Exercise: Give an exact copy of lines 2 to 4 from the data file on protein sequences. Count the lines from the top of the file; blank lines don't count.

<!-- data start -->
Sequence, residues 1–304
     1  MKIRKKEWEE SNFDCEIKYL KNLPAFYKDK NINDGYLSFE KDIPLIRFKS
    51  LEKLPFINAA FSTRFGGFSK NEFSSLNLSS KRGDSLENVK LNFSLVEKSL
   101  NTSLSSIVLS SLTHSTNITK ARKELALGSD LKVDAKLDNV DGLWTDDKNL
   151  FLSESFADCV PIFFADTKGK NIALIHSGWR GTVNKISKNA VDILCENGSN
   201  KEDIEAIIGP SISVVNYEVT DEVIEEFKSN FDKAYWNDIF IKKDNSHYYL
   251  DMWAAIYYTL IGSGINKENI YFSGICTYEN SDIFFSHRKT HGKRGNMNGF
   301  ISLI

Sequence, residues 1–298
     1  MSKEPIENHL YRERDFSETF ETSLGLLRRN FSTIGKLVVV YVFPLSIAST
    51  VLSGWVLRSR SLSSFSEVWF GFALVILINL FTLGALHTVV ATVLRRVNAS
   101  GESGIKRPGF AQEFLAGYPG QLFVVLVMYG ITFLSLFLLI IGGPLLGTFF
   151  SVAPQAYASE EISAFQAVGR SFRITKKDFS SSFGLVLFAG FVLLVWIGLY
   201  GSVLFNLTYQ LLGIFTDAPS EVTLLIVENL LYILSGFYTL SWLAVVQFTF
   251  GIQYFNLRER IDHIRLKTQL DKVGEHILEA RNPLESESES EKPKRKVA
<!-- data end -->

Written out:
     1  MKIRKKEWEE SNFDCEIKYL KNLPAFYKDK NINDGYLSFE KDIPLIRFKS
    51  LEKLPFINAA FSTRFGGFSK NEFSSLNLSS KRGDSLENVK LNFSLVEKSL
   101  NTSLSSIVLS SLTHSTNITK ARKELALGSD LKVDAKLDNV DGLWTDDKNL